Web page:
I know what youâ€™re thinking: the words â€œachievementâ€ and â€œcroquetâ€ donâ€™t belong in the same sentence. That I would even think to share these two should help to emphasize the â€œsilenceâ€ of my athletic career.
My other accomplishments on or near a court or field include making my tennis coach cry and, thanks to straight As, earning the privilege of spanking the head football coach with a paddle. The coach would give underperforming players a light whack or two; this was more for the entertainment of the other players than for punishment.
A dentist appointment exempted me from this prestigious honor, which was probably for the best. I didnâ€™t trust myself not to use that paddle to give my coach something to remember me by. I sure wasnâ€™t going to be catching a touchdown pass anytime soon.
I had this epiphany the other day: being an average athlete helped me to develop a good sense of humor. At best, I was a utility player, and compensated for my inability to remember defensive schemata by making jokes and offering words of encouragement to the more talented players.
I certainly wasnâ€™t going to win the hearts of girls with my heroic acts on the field, so Iâ€™d better have a winning personality.
During my eighth grade year at David Lipscomb Middle School, I distinguished myself by sustaining the worst broken leg in the history of the football program.
What was strange about the accident was that I had read the play perfectly. The fullback was running a sweep to my side, and my job as the cornerback was to â€œscrape the alley,â€ beat the half-back by a step or two, and make the tackle behind the line of scrimmage. My left leg was the one behind me, which meant I was a step ahead of the fullback.
If my customary hesitationâ€”my attempt to control an inherently chaotic situationâ€”had kicked in, the half-back wouldnâ€™t have accidentally planted his full while on my calf muscle while my left leg was fully extended behind me.
But he did, and I heard a loud pop.
The next thing I remember was sitting up on the ground and contemplating a bizarre sight: my knee pointing up at the sky the way it was supposed to, and my left foot flopped over on its left side.
That doesnâ€™t look right, my sluggish brain said in a voice sounding like Eeyoreâ€™s.
My hands fumbled forward, and I pulled up my tights. I then felt down my knee to the shin. Where before I had always felt the reassuring hardness of bone and firmness of muscle, I now felt jelly. The tibia and fibula had disappeared, and the empty skin had been pumped full of yogurt.
A seventh grader named Chip walked by, glanced at my leg, said â€œEwww,â€ and kept walking to the locker room.
Thanks for your concern, buddy. And by the way, â€œChipâ€ is a stupid name.
I used my right leg to stand up and watch my left leg dangle and sway.
Oh, thatâ€™s not good, my brain said.
I sat back down and proceeded to mutter, â€œOh, crap. Oh, crap. Oh, crap,â€ over and over again.
The coaches eventually noticed, and before long, both of the middle school coaches, and at least three of the high school coaches were crouched around me.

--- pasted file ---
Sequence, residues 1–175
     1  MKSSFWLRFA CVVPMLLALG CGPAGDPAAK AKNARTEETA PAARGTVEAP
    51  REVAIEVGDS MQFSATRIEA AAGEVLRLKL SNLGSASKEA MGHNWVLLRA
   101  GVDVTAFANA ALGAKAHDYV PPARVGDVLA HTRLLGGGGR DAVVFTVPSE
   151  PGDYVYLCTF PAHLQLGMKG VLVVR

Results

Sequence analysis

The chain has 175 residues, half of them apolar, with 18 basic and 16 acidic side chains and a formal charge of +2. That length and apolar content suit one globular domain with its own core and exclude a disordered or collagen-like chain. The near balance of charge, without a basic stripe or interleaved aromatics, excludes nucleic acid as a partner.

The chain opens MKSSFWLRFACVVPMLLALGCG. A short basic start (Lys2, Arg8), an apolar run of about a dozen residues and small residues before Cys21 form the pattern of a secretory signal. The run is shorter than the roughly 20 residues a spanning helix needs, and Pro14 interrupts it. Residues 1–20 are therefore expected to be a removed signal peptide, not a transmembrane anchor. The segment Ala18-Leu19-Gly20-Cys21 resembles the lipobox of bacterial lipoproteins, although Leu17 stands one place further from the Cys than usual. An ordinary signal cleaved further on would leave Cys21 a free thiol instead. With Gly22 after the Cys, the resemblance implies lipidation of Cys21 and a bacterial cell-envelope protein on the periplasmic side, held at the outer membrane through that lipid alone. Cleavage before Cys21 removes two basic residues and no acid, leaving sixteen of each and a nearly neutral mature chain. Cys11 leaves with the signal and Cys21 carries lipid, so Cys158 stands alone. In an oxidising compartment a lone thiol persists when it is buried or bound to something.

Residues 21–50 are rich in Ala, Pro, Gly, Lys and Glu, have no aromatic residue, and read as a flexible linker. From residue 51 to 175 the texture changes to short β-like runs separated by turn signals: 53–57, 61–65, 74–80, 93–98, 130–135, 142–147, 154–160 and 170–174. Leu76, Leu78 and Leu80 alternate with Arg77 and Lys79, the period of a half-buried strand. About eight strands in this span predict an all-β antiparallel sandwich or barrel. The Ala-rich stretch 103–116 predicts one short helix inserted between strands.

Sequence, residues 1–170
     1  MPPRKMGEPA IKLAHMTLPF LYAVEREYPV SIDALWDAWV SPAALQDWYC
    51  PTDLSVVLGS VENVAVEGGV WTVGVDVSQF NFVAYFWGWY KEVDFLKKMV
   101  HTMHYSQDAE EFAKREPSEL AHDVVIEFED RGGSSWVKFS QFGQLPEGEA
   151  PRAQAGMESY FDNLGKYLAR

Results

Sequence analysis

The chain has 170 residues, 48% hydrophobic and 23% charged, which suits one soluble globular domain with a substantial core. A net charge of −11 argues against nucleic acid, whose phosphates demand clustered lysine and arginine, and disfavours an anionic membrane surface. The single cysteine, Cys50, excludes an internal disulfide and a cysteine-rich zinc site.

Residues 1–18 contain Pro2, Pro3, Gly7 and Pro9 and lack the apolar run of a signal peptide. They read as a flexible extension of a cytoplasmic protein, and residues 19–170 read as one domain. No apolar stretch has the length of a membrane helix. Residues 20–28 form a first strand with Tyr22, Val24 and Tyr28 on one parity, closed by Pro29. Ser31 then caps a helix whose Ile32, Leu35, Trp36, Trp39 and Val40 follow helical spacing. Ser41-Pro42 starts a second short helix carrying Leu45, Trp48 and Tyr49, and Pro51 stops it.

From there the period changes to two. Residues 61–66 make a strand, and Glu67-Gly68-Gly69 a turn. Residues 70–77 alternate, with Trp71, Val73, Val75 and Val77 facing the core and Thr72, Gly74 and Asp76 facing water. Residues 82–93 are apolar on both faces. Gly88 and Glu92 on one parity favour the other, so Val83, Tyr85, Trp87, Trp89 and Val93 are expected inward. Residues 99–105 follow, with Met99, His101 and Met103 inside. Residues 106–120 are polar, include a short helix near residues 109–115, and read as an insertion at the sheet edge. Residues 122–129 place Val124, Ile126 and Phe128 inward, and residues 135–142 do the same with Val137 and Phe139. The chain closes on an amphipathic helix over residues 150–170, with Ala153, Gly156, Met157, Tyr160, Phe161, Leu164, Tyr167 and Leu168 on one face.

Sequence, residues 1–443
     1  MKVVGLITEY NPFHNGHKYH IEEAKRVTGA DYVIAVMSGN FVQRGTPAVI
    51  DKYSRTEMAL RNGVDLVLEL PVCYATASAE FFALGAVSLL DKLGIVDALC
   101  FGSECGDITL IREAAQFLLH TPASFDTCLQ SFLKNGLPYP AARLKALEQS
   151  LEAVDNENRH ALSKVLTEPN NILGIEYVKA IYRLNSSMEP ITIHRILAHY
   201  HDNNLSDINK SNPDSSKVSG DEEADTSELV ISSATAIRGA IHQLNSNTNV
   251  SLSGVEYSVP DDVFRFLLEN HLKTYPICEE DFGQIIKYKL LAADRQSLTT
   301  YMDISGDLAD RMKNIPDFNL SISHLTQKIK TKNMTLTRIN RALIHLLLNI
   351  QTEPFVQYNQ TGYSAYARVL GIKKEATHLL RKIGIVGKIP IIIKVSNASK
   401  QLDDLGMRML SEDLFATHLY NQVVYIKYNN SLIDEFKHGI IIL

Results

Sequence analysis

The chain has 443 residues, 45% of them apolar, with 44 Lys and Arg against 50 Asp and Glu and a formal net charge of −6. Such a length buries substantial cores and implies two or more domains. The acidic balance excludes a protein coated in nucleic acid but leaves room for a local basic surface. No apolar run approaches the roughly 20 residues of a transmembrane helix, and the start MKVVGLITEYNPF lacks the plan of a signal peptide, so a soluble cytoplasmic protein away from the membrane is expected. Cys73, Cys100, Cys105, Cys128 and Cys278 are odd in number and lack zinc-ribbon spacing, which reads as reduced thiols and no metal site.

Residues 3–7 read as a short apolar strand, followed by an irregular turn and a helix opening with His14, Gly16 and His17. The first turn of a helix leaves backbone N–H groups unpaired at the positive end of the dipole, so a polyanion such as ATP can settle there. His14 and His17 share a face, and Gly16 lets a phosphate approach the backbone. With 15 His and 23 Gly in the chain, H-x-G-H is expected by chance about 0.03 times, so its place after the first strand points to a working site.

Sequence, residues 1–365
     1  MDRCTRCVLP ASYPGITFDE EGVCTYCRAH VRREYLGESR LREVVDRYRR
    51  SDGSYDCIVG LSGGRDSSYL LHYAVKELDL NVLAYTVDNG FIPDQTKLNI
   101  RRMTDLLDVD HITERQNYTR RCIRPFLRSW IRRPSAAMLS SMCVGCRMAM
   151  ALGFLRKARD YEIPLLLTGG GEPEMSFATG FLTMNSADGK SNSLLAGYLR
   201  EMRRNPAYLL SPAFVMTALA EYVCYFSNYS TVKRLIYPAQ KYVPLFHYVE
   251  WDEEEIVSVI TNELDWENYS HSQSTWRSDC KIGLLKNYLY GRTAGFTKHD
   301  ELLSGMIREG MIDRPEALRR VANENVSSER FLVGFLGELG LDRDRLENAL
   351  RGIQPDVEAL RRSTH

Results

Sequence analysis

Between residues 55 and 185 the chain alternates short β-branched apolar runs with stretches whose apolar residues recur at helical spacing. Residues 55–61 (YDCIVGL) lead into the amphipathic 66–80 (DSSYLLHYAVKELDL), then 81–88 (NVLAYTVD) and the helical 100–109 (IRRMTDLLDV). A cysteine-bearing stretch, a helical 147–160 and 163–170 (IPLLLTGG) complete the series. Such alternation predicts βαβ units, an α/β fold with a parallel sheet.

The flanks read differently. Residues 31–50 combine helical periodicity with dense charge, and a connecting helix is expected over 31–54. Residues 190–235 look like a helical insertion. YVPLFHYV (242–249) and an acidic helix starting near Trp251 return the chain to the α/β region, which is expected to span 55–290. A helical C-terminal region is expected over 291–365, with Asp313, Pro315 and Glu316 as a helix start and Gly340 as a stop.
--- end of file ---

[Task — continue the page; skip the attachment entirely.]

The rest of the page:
How many football coaches does it take to screw in a lightbulb?
I donâ€™t know. But it takes five to make a kid with a broken leg feel claustrophobic.
You know how someone saying, â€œCalm down,â€ makes you angry even if you werenâ€™t before? Well, the same holds true for traumatic events. Some sports medicine clown in a polo shirt with an embroidered logo saying, â€œJust try to relax,â€ will only make you want to scream.
â€œJust try to relaxâ€ serves only to remind you that something crappy just happened to you moments ago. Doctors sometimes say that sort of thing, in which case they mean, â€œHey, Iâ€™m about to stick a sharp piece of metal in your vein.â€
Two people actually did help me to relax: Scott Tillman and Jim Armstrong. At the time Scott worked as a youth minister at Hillsboro Church of Christ. I had attended Hillsboroâ€™s church camp the summer before, along with the camp run by my church, Harpeth Hills Church of Christ. Scott was kneeling somewhere near my left ear and asking me question after question about what I liked about each camp.
I remember thinking that I had more important things to think about than whether or not Hillsboro should use a brackets system to lend a more competitive spirit to camp sports, but he successfully steered my mind, and any latent panic, away from my broken bones.
Jim Armstrong simply held my hand. I donâ€™t think he said a word the entire time. He was in college at the time and interning with the high school program. He had shattered one of his legs in a skiing accident and spent over a year recuperating. More than anyone else, he knew the uncertainty, frustration, and disappointment that a broken leg brought to the life of an active male.
My football season had ended before it began.
And I also think what confidence that took: for a twenty-one year old guy to hold the hand of a fifteen-year-old boy whom he didnâ€™t know without it seeming weird or inappropriate. Yet, this small gesture was the most comforting thing that happened that day. I never thanked him. My parents soon arrived, and then, the ambulance.
A blur of people had situated my leg in an air cast and loaded me into the ambulance. The EMT asked if I felt any pain.
â€œNo,â€ I said.
â€œWell, you must have a really high tolerance,â€ he said.
He probably just wanted to make me feel good, to give extra pluck. It worked.
I still need to thank Jim.